Of the 15 matches that went off at 11 a.m. local time on Wimbledon's opening day, 13 ended in straight sets. And of the 31 sets contested in those 13 matches, just three ended in tiebreakers.
It was a thoroughly lopsided first wave of first-rounders—only the Polona Hercog vs. Viktoria Kuzmova and Janko Tipsarevic vs. Yoshihito Nishioka matches lasted beyond the minimum number of sets. But there were still things to be gleaned from this roll of routs:
Kevin Anderson d. Pierre-Hugues Herbert, 6-3, 6-4, 6-2
Anderson played just two matches between Miami and Wimbledon, and he’s been a nonfactor for the entire year—strange after his breakthrough 2018, and his season-opening title in Pune. He lost to Frances Tiafoe early in Melbourne, and was shut out in the first set of his loss to Roger Federer in Miami.
It all makes the South African’s No. 4 seed—bestowed upon him through Wimbledon's grass-court seeding formula—seem off. But it would be foolish to discount Anderson’s chances given his weaponry and experience. He is also in a section of the draw that’s ripe with opportunity: the unreliable Alexander Zverev is the next-highest seed, and his toughest challengers could be 22nd-seeded Stan Wawrinka and unseeded Feliciano Lopez—two of the aforementioned 13 straight-sets winners.
Herbert played all three weeks of pre-Wimbledon grass-court tournaments, reaching the semis in Halle. He was hardly first-round fodder for the 2018 finalist But after this showing, we might want to start taking Anderson, and the number next to his name in the draw, a little more seriously. Last year, he broke Wimbledon open with a shocking yet convincing win over Federer, and a double-marathon survival of John Isner. Those triumphs caught up with Anderson in a largely uncompetitive loss to Novak Djokovic in the final. So far, he’s looking to make up for it.
Reilly Opelka d. Cedrik-Marcel Stebe, 6-3, 7-6 (4), 6-1
Here’s one of those three tiebreakers; it’s hardly a surprise that it was in a match involving Opelka, whose serve is even more lethal than Anderson’s and invites 7-6 scorelines. But notice the third set scoreline: in just an hour and 48 minutes, Opelka broke Stebe six times. If the explosive American gets even one break of serve, the set is usually over. Six breaks over the course of a match? That’s how you in a best-of-five contest in under two hours.
It wasn’t the cleanest match for Opelka by any means. He only hit 11 aces; such is the result of landing just 64 percent of his first serves. But other stats were more encouraging: Opelka won 14 of 23 points at net, and was +17 in winners (36) to unforced errors.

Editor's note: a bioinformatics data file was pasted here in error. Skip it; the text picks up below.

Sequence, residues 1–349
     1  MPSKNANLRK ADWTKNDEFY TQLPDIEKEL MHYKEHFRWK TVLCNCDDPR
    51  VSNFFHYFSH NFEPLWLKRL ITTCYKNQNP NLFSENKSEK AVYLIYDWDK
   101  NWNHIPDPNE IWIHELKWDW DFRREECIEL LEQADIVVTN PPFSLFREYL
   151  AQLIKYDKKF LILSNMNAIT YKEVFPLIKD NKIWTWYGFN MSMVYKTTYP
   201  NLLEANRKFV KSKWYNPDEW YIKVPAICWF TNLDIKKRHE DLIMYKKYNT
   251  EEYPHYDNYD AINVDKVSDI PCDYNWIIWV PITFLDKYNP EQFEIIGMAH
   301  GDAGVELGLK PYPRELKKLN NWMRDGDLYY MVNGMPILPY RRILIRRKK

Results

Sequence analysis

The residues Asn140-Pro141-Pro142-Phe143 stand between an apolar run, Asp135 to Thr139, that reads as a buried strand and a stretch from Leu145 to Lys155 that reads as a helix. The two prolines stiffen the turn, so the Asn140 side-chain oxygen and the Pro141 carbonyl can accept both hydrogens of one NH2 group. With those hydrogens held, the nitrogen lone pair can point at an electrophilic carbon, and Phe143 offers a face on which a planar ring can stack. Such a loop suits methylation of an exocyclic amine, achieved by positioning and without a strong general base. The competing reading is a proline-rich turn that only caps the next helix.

Expect Opelka’s first serve to be more reliable in his next match. It will need to be, as his opponent is Wawrinka. Look for some more tiebreakers, too. And if the 21-year-old gets by the three-time Grand Slam champion this Wimbledon dark horse is likely destined for the second week, and a scary prospect for anyone.
Sofia Kenin d. Astra Sharma, 6-4, 6-2
Kenin was our experts’ consensus choice as a Wimbledon dark horse (a player must be seeded No. 20 or lower to qualify), and it’s easy to see why. She’s made an impact on all surfaces this season, winning a title in Hobart (hard court), reaching the final in Acapulco (hard), beating Madison Keys in Rome (clay) and Serena Williams at Roland Garros (clay) and, most recently, winning Mallorca after saving match points in the final (grass). The 20-year-old has made believers quickly, and she embraces the attention and spotlight her success engenders.
She “has a winner’s mentality,” says former doubles No. 1 Mark Knowles. She’s “mentally tough enough,” says commentator Ted Robinson, who would know a thing or two about mental strength considering some the matches he’s witnessed. “Bring on a major breakthrough,” says Tennis Channel’s Steve Weissman.
Kenin’s next match, against fellow 21 & Under Club member Dayana Yastremska, will tell us more about the American’s chances for a breakthrough at SW19. Should she advance and face Naomi Osaka in the third round, we’ll learn even more. We may think we know much about Kenin at this point, given all the highlights she’s given us in 2019. But even more may yet come.
Madison Keys d. Luksika Khumkhum, 6-3, 6-2
What constitutes a successful a Wimbledon for Keys?
It feels like we’ve been picking the American to breakthrough and win a major title for a decade now—probably because she’s comfortable on every surface, and she’s shown title-winning potential at each major. Keys' first Grand Slam semifinal came in Melbourne, in 2015; she reached the US Open final two years later (the less said about that match, the better); last year she made the quarters in Australia, the semis in Paris and another semi in New York. And just last month, she was in the last eight at Roland Garros.
For someone with such a big serve, it’s surprising that Wimbledon has been Keys’ weakest major in terms of results. She’s only made the second week twice in six appearances; her last quarterfinal appearance came in 2015. Ironically, it will be Keys’ consistency that determines how far she goes at Wimbledon—the power is always going to be there, but the necessary accuracy may not.
Keys is certainly in the better half of the draw if she wants to best her top result at Wimbledon, and perhaps go even further. The 24-year-old was the very first day's very first winner, against the overmatched Khumkhum. Can she be the draw’s very last winner, two Saturdays from now? Now that would qualify as a success.